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Unformatted text preview: (R2 r2) (6.40) The laminar-flow profile is thus a paraboloid falling to zero at the wall and reaching
a maximum at the axis
dx gz) (6.41) It resembles the sketch of u(r) given in Fig. 6.10.
The laminar distribution (6.40) is called Hagen-Poiseuille flow to commemorate the
experimental work of G. Hagen in 1839 and J. L. Poiseuille in 1940, both of whom
established the pressure-drop law, Eq. (6.1). The first theoretical derivation of Eq. (6.40)
was given independently by E. Hagenbach and by F. Neumann around 1859.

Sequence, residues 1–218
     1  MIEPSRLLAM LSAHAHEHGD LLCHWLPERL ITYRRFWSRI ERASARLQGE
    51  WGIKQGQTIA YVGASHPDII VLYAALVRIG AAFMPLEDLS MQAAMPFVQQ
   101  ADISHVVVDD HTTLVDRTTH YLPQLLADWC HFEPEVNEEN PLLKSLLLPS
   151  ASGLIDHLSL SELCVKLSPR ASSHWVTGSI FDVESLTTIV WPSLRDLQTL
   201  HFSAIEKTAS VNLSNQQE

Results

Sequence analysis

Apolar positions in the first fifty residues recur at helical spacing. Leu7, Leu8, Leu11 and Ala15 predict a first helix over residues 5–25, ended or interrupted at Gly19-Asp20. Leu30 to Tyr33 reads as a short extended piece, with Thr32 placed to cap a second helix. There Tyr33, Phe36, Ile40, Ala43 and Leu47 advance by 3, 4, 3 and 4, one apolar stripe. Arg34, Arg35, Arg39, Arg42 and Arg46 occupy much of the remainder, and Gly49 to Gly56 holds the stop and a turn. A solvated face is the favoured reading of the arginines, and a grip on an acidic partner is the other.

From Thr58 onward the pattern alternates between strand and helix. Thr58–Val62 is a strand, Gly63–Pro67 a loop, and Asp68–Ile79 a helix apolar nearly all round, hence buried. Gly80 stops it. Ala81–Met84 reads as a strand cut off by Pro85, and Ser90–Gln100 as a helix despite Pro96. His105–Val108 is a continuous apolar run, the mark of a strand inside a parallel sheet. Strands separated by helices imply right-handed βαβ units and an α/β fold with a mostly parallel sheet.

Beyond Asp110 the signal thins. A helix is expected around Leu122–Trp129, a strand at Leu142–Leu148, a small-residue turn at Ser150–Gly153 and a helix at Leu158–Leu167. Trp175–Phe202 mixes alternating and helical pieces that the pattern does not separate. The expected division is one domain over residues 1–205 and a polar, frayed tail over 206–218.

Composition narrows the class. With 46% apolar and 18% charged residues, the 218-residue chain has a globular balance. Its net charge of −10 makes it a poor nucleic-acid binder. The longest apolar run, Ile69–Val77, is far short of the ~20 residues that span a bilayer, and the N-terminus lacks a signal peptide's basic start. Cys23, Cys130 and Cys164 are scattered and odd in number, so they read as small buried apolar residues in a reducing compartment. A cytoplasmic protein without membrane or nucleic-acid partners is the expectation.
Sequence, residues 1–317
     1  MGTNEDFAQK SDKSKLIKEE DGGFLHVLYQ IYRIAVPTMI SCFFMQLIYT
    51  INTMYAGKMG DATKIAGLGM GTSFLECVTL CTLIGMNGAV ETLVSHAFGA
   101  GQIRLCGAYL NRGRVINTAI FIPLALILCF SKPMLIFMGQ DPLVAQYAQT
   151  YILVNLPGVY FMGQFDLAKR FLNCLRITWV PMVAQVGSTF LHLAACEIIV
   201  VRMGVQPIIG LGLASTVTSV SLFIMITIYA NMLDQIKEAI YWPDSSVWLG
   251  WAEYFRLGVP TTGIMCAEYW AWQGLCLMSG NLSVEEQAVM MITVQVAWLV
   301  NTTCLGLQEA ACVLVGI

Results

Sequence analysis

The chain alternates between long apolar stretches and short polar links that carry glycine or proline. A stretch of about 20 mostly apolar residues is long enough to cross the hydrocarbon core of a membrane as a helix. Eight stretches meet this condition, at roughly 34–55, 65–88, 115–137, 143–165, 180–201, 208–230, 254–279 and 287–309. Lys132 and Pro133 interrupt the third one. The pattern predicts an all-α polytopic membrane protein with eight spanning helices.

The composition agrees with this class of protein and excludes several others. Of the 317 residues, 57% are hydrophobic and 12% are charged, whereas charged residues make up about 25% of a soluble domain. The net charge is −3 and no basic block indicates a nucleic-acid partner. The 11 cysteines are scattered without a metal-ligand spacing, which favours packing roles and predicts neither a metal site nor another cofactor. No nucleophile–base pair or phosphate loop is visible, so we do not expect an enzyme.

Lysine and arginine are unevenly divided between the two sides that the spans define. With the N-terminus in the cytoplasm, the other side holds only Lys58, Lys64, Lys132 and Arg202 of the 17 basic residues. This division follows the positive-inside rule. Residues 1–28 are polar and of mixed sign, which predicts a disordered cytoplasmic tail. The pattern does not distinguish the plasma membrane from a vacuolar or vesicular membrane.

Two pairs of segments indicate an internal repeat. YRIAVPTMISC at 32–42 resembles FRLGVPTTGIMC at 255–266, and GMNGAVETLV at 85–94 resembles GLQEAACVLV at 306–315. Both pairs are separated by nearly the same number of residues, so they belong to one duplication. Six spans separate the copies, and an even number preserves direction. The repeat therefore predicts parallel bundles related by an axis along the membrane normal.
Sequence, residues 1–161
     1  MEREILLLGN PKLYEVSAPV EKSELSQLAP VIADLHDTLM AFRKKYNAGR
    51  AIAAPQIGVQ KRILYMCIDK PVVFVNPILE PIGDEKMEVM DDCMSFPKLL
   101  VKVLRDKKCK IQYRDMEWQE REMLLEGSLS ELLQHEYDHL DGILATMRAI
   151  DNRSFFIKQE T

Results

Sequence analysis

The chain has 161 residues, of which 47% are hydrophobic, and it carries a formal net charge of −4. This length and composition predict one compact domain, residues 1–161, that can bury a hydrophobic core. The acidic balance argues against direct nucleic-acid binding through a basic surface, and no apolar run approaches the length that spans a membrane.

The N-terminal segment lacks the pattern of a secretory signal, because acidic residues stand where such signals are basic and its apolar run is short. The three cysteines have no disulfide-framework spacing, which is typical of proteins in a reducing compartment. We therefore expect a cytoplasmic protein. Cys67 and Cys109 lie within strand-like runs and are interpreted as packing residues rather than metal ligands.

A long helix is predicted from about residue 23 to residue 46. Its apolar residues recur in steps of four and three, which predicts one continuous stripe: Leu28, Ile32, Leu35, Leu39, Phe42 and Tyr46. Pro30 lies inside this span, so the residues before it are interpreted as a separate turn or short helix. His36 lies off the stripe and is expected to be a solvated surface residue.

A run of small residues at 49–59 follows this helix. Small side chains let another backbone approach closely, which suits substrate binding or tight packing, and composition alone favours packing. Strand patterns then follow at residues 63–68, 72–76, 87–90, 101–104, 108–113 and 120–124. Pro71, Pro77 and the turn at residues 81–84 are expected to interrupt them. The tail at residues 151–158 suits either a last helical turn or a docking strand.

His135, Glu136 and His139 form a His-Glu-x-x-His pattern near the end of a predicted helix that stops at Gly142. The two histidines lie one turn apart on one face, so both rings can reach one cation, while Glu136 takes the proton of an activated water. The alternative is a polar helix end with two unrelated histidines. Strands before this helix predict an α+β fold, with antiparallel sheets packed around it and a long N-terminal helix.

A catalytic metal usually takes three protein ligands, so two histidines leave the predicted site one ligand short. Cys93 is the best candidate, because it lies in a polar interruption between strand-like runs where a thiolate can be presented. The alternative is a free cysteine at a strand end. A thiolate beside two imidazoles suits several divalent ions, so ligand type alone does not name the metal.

Other pipe-flow results follow immediately from Eq. (6.40). The volume flow is
R Q R u dA
2 0 umax 1
2 r dr
dx gz) | v v Thus the average velocity in laminar flow is one-half the maximum velocity | e-Text Main Menu | Textbook Table of Contents | Study Guide (6.42) Chapter 6 Viscous Flow in Ducts Q
For a horizontal tube ( z
iment, Eq. (6.1): Q
2 (6.43) 0), Eq. (6.42) is of the form predicted by Hagen’s exper8 LQ
R4 p (6.44) The wall shear is computed from the wall velocity gradient
dr w rR 2 umax
2 dx gz) (6.45) This gives an exact theory for laminar Darcy friction factor
V2 or 8(8 V/d)
Red (6.46) This is plotted late...
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This note was uploaded on 10/27/2009 for the course MAE 101a taught by Professor Sakar during the Spring '08 term at UCSD.
- Spring '08